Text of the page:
A Tale Of Three Mexicos
Mexico’s central states look set to enjoy robust manufacturing sector-driven economic growth over the coming years, with foreign firms likely to be drawn to the region’s strong transport links, increasing number of incentive programmes, and easy access to a rapidly expanding domestic market. However, as the central states begin to more closely resemble the wealthier north, this will leave Mexico’s economically stagnant south behind the rest of the country.
In a special feature published in Business Monitor Online this week, we examine the position and prospects of Mexico’s central states within the broader economy. There are two key points we think are worth highlighting:
1: The manufacturing sector is set to boom in Central Mexico: Northern Mexico has long been the manufacturing heartland of the country, benefiting from proximity to the US market. However, we believe that the central region is set for substantial manufacturing sector growth in the coming decade for several reasons:
- First, it has increasingly strong transport links, allowing for easy export of goods to both US and other foreign markets.
- Second, given the higher population density and proximity to the wealthy Federal District, manufacturers are likely to want to set up in the region to take advantage of a growing Mexican domestic consumer market.
- Third, the central region is cost-competitive, with wages tending to be lower than the north, and a number of the central states having aggressively been offering incentives (such as tax breaks) to manufacturing firms to set up shop.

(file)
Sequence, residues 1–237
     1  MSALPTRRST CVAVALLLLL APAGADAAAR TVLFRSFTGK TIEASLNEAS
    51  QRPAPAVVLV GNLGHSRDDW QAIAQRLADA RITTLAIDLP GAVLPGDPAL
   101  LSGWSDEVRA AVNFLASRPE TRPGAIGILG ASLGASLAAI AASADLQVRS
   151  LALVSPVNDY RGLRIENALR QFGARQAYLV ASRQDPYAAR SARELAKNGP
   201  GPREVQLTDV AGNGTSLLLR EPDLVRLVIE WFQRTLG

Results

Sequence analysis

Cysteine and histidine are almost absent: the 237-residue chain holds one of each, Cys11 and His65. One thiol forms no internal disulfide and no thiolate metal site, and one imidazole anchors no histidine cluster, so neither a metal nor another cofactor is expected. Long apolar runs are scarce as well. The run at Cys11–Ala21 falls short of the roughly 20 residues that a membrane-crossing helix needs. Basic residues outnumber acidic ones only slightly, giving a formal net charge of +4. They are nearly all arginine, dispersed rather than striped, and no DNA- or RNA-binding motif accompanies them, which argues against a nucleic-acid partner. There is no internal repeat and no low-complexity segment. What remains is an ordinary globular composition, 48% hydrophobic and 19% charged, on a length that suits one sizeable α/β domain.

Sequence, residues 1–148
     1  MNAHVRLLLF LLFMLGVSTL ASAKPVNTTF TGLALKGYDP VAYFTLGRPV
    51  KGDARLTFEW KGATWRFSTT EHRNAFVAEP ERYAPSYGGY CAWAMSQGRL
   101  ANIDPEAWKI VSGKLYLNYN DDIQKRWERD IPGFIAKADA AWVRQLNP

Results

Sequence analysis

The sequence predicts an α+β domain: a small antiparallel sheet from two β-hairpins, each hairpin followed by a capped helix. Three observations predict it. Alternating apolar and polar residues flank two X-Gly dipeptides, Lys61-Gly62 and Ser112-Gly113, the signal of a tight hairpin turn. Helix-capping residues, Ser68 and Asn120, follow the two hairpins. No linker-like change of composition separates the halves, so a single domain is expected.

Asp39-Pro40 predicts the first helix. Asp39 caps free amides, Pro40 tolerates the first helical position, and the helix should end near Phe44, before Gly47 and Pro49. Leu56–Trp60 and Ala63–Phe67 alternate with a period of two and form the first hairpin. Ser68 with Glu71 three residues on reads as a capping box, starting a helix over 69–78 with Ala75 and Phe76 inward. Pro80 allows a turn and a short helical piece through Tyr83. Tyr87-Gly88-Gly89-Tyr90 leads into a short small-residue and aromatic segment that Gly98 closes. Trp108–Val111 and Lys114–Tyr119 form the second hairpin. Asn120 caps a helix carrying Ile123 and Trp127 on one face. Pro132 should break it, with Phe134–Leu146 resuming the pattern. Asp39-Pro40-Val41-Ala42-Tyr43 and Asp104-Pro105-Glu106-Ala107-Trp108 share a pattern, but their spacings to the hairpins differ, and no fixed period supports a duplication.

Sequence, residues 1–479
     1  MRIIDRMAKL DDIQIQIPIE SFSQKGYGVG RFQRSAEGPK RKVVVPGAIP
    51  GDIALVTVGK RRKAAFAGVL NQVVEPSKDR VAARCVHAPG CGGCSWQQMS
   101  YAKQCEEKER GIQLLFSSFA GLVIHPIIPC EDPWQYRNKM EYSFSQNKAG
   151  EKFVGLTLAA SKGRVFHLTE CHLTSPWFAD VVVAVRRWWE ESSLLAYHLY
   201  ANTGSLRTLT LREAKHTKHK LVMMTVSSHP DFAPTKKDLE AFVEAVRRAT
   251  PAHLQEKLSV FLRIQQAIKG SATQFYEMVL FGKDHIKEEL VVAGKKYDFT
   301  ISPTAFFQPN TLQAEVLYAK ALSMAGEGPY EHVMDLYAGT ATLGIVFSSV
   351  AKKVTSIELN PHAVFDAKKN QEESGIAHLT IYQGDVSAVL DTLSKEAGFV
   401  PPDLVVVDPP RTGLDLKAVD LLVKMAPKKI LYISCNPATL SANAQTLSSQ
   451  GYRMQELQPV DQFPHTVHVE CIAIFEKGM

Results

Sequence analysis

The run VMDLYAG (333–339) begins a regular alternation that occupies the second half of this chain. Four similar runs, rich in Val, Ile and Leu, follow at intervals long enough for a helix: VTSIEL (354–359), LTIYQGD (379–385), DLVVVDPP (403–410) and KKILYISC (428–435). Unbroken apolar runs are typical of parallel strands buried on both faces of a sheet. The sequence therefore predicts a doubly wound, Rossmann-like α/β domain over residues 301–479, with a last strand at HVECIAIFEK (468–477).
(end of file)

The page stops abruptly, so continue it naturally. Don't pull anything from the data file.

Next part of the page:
- Finally, we have already started to see the beginning of a clustering effect in some of the country’s larger industries, especially autos and auto parts. This in itself is likely to draw other firms, so that by the end of our 10-year forecast period, we believe the centre of Mexico could be a manufacturing hub to rival the north, bolstering growth in the region.
2: Southern Mexico will remain economically stagnant: In contrast to our more sanguine view for Mexico’s central region, the south looks set to continue struggling economically.
Mexico has long had a substantial divide between the wealthier north and poorer south, with the southern states lagging their northern counterparts in almost all indicators measuring socioeconomic and human development.
This phenomenon looks set to continue over the coming decade, given the region’s limited political sway and considerable structural obstacles to greater foreign investment, such as a poorer population, less educated work force, and weaker infrastructure.